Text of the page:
Trying to leave an abusive relationship is a frightening endeavor. You are probably acutely aware of how easy it could be to provoke a violent partner in your attempt to exit the relationship. You may also worry about them stalking you after you leave, including turning up at your place of employment or harassing your immediate family members.
There are thousands of families affected by spousal abuse and domestic violence in Alabama, so there are thankfully already rules in place to help those enduring abuse or afraid of escalating abuse when they attempt to leave a relationship. How do you secure a protective order or restraining order?
Secure documentation of abuse
For some people, proving that they have experienced abuse will be easy. Their neighbors have called the cops repeatedly when their partner turns violent and things get loud or there are medical records of severe injuries that the spouse or children in the family suffered.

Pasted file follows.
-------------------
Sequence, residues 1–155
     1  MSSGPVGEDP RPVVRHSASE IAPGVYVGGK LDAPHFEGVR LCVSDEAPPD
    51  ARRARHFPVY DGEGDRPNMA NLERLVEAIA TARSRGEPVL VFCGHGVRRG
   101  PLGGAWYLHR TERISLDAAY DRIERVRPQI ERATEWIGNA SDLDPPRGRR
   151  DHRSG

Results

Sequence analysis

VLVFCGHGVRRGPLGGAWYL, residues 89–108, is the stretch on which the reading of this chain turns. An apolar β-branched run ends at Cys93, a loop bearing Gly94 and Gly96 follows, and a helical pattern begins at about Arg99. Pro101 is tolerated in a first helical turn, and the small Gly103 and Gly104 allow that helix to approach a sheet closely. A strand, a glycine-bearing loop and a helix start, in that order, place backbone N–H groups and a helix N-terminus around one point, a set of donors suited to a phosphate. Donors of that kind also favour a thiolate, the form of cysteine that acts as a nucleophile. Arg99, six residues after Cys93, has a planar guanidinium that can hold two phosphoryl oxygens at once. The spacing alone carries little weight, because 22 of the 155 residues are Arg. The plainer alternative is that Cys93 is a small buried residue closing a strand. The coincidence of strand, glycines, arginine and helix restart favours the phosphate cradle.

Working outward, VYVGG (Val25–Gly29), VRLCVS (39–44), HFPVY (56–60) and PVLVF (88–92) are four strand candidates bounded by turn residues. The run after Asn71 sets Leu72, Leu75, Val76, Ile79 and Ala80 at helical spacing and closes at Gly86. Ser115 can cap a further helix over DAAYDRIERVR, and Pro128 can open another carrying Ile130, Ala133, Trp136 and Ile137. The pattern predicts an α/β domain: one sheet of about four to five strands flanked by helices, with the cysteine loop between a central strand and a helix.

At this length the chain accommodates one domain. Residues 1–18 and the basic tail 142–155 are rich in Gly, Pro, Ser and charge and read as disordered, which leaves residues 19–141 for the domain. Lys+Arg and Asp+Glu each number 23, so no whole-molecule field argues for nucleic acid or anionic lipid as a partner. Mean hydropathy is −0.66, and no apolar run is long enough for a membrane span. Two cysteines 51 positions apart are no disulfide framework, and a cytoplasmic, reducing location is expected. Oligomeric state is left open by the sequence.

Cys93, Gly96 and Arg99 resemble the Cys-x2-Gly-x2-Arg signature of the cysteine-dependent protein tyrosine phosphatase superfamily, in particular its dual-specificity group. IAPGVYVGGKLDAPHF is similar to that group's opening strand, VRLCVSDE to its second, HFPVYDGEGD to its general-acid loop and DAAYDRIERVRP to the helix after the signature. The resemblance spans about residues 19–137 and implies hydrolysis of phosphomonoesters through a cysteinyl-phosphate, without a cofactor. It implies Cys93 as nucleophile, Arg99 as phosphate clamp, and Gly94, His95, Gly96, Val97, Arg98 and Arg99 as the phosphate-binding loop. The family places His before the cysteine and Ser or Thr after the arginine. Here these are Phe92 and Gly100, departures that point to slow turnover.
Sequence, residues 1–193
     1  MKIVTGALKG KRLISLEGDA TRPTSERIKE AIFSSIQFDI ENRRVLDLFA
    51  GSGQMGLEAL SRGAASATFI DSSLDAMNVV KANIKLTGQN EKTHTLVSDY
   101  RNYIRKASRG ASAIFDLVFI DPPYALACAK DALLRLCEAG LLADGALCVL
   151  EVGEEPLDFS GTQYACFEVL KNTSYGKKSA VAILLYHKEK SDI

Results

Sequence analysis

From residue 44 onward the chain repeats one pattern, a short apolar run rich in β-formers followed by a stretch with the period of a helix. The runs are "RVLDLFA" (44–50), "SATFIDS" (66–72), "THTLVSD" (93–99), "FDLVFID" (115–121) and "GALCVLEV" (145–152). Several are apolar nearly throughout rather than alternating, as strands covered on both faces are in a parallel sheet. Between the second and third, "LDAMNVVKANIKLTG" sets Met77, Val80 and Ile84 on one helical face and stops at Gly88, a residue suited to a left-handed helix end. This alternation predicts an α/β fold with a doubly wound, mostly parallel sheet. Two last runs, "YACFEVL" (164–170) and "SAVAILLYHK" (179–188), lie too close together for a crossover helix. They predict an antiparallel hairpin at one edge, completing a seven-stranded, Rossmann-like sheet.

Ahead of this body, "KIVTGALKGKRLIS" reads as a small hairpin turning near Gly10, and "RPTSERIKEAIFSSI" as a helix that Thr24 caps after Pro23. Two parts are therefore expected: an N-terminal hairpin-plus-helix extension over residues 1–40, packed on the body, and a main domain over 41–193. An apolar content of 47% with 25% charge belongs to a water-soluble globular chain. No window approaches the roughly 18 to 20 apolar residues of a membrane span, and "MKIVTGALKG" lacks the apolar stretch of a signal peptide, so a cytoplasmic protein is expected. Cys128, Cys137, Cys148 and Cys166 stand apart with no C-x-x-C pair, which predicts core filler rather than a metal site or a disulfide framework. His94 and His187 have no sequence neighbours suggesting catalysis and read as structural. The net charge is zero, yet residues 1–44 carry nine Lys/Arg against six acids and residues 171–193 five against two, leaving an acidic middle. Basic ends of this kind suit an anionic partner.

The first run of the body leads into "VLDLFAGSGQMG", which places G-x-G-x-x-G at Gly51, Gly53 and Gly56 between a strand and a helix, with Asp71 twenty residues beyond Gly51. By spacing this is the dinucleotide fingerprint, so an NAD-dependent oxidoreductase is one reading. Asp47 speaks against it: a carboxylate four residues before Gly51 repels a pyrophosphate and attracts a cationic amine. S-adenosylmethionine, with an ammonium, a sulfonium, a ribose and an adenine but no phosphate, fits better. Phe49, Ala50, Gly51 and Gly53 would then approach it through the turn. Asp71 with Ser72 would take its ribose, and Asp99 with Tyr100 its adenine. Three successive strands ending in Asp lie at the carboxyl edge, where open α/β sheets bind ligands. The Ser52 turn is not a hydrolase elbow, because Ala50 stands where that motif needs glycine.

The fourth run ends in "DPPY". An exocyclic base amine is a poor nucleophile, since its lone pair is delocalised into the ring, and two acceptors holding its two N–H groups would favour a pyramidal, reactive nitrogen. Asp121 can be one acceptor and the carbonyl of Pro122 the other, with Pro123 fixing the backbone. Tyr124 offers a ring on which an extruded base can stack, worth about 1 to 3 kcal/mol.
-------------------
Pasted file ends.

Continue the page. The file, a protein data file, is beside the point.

Other times, there may be very little official evidence, sometimes because the victim has gone to great lengths to cover for the abuser. Your best chance of success when requesting a restraining order or protective order comes from having evidence to support your claims.
You may start documenting the abuse you experience by keeping a private Journal, photographing injuries, photographing damage to your property and taking screenshots of threatening messages. Such records will help you prove to a court that you have reason to fear for your safety if you leave the relationship.
Recognize that you may not be your own best advocate
Although you may be able to secure a short-term or temporary order without involving the other party, a long-term protective order will require a hearing.
The person who has abused you will have an opportunity to defend themselves, and they may intentionally try to provoke you and make you emotional in court. Whether they try to intimidate you or anger you, their actions could lead to outbursts that hurt your chances of success. Many individuals attempting to leave a situation involving domestic violence will have the best chance of success when they have a professional advocating for them in court, including when they seek a protective order.
Bringing in professional help and taking the time to document the abuse as you plan to leave will increase your chances of securing a restraining order barring future misconduct and contact.